Raspberry pi best heatsink comparison benchmark

raspberry_pi_3_heatsinks

Raspberry Pi manufacturer have stated you don’t need heatsink for the normal operation of the Raspberry Pi device, however overclocked or heavily stressed devices will benefit from heatsink installation.
I decided to compare available heatsinks on the market and have found the best heatsink for Raspberry Pi 3.

First tested heatsink is small – 14x14x6mm, priced 1$ on Ebay
It has an adhesive layer for mounting on CPU.

raspberry_pi_small_heatsink

Second heatsink – is larger 50x25x10mm, also priced 1$

raspberry_pi_large_heatsink

Mounting was done with Arctic Silver thermal compound and и super-glue 🙂 Thermal compound was applied to the center and glue – to the corners of the chip.
Please note that this will be a permanent solution, and you will not be able to remove the heatsink.

For loading the CPU I used stress software (apt-get install stress).
Only 1 core of Raspberry Pi 3 was loaded – frequencies: arm_freq=1290 core_freq=430

Here are the temperature graphs:

raspberry_pi_temperature_heatsink

Red line – no heatsink.
Blue – small heatsink 14х14
Gren – large heatsink 50х25

For a price of 1$ you can greatly improve temperature of Raspberry Pi 3 – by 8 degrees in idle state and by 13 degrees under moderate load.

Remove all store apps windows 10

windows_modern_apps_bloatware

If you don’t use new (modern / metro) style application in windows you can delete all of them with a single PowerShell command.
To open PowerShell: Right click on Windows logo -> Command Prompt (Administrator – type powershell and press Enter.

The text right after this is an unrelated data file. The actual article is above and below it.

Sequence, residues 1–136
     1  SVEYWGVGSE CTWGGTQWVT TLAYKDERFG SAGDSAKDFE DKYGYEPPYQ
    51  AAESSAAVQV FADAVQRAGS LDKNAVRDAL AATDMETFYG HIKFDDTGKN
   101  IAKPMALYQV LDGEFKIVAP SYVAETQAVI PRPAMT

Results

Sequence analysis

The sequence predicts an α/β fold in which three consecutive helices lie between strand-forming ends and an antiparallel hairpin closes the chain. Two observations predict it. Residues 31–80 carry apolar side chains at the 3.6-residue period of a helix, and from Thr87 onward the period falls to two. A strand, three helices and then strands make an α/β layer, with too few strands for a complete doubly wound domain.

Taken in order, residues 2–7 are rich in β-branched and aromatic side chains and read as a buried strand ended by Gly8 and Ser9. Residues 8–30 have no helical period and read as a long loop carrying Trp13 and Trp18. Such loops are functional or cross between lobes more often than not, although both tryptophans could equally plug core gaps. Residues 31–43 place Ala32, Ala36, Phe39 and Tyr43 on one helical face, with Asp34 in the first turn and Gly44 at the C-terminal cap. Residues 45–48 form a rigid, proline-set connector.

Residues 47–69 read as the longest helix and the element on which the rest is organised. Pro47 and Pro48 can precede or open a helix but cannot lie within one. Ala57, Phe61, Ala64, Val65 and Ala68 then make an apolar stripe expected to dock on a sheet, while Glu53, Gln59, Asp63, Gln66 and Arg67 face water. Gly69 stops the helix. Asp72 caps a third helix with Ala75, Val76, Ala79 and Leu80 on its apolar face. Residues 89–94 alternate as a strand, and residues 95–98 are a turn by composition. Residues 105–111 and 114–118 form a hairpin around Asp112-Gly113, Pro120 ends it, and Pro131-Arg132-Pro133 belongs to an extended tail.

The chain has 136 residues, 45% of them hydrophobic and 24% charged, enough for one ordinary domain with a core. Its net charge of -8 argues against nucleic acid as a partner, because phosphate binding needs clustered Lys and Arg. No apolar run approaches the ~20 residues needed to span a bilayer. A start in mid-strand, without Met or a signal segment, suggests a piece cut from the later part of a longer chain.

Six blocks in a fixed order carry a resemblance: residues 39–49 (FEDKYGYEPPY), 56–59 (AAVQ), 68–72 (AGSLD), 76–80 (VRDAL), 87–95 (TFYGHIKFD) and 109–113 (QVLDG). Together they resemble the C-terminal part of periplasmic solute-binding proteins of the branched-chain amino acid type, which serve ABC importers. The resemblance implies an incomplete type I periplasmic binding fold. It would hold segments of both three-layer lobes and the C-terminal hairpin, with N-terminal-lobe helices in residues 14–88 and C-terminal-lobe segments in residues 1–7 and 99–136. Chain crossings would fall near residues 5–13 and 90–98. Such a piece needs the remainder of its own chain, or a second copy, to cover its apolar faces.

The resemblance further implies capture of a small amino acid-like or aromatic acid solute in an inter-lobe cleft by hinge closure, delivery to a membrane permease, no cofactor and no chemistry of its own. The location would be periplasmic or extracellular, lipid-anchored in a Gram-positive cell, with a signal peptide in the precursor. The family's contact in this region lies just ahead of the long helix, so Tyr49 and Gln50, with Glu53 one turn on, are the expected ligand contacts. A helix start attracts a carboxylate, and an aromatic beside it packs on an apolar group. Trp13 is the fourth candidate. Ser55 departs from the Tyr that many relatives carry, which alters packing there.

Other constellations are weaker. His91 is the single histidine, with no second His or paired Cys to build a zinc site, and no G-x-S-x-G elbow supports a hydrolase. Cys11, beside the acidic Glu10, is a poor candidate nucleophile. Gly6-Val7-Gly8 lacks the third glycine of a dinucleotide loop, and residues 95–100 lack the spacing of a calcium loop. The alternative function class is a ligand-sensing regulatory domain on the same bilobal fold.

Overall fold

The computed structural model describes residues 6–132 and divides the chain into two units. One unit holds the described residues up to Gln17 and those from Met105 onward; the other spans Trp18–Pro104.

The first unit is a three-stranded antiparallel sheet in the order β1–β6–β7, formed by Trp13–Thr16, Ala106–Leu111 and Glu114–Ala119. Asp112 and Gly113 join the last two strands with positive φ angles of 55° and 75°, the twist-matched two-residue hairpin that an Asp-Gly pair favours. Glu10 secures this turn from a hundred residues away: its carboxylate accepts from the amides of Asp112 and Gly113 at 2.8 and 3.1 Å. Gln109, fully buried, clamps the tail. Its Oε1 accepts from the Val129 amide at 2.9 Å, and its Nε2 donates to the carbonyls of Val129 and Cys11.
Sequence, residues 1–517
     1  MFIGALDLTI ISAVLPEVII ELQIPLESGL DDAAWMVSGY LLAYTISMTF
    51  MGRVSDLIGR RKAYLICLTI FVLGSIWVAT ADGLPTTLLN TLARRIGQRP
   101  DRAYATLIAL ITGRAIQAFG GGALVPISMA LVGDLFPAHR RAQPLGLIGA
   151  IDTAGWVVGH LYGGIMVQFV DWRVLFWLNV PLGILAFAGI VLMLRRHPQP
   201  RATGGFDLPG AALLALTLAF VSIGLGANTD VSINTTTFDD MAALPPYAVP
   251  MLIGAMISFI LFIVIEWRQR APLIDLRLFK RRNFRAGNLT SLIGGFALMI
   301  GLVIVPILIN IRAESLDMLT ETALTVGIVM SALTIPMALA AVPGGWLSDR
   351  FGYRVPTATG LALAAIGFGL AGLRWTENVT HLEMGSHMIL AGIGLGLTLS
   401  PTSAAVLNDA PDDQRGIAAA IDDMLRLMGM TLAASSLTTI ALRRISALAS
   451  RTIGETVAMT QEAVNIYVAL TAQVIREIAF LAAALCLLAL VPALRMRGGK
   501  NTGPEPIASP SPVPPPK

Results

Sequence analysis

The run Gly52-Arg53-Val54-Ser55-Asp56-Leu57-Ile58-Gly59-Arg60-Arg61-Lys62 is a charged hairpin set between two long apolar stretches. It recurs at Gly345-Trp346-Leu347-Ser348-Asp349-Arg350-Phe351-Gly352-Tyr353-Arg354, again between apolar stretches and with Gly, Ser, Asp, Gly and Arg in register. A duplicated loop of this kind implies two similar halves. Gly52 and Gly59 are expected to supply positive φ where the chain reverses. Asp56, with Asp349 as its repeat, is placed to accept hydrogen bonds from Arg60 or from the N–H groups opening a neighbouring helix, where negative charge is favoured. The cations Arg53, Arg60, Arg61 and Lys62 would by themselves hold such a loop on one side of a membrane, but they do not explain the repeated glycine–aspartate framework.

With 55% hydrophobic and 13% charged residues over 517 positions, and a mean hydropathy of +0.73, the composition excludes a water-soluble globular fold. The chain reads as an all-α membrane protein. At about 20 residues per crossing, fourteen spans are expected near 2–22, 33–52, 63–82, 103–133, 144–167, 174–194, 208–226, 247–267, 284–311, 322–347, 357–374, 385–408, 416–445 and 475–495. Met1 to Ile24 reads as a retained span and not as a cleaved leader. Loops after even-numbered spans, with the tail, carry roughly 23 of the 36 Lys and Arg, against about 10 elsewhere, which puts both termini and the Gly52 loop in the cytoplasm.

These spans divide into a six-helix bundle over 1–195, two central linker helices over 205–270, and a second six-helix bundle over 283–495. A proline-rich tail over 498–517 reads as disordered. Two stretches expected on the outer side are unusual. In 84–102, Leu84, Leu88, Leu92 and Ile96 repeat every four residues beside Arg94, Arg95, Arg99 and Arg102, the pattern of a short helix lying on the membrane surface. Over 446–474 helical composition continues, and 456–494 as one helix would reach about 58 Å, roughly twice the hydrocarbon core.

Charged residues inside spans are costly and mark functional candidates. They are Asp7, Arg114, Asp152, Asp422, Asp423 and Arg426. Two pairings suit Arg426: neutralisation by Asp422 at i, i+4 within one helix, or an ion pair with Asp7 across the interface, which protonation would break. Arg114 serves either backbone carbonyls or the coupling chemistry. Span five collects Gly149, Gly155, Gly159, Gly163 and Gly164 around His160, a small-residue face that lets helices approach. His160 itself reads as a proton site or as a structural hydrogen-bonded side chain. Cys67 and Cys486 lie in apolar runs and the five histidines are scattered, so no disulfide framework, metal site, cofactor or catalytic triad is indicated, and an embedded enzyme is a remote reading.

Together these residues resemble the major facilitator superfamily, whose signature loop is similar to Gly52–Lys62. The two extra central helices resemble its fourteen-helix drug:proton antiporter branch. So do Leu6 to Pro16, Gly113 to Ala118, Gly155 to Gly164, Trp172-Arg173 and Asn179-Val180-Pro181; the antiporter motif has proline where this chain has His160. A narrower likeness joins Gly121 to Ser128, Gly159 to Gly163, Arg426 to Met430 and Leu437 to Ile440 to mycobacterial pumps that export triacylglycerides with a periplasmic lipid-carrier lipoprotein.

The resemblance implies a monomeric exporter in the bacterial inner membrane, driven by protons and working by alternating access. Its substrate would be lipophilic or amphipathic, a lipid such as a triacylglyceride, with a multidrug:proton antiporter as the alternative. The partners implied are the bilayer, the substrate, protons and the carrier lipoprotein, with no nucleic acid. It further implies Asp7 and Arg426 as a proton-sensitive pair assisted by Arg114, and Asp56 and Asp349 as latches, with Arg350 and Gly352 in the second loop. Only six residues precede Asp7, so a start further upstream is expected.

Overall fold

This command removes all store apps for currently logged in user.

Get-AppxPackage | Remove-AppxPackage

To delete installation packages from disk and prevent installation for new users:
WARNING! This cannot be undone, you will lose ability to install new apps from Windows Store.

Get-AppXProvisionedPackage -Online | Remove-AppxProvisionedPackage -Online

Automating tasks with cron on CheckPoint Gaia

To use cron on CheckPoint Gaia firewall you need to create a separate user, as “admin” user crontab file is overwritten on every reboot by /bin/cron_xlate.

Instead of using default command :
> crontab -e
It will warn you as follows:

#  This file was AUTOMATICALLY GENERATED
#  Generated by /bin/cron_xlate on Wed Jan 14 13:33:33 2015
#
#  DO NOT EDIT
#
SHELL=/bin/bash
MAILTO=""
#
# mins  hrs     daysinm months  daysinw command
#

You will also need to specify the user:

> crontab -u cron_user -e

To create a new user for cron, use following commands:

add user cron_user uid 0 homedir /home/cron_user
set user cron_user  gid 100 shell /bin/bash
add rba user cron_user roles adminRole
set user cron_user password <ENTER>

Make sure you use new user’s home folder for output in your scripts, to avoid issues with permissions.

SSHd server not starting at boot RHEL / CentOS 7

By default sshd server does not start in CentOS 7.
chkconfig command does not control ssh daemon any more.

Solution is to use systemctl:

> systemctl enable sshd

It produces following awkward result:
ln -s ‘/usr/lib/systemd/system/sshd.service’ ‘/etc/systemd/system/multi-user.target.wants/sshd.service’

To check if SSH server is staring on boot (and if it is running):

> systemctl status sshd

sshd.service - OpenSSH server daemon
   Loaded: loaded (/usr/lib/systemd/system/sshd.service; <strong>enabled</strong>)
   Active: active (running) since Mon 2014-11-03 18:43:56 GMT; 20min ago

Enabled – means it will start at boot time automatically.
Welcome to systemd world..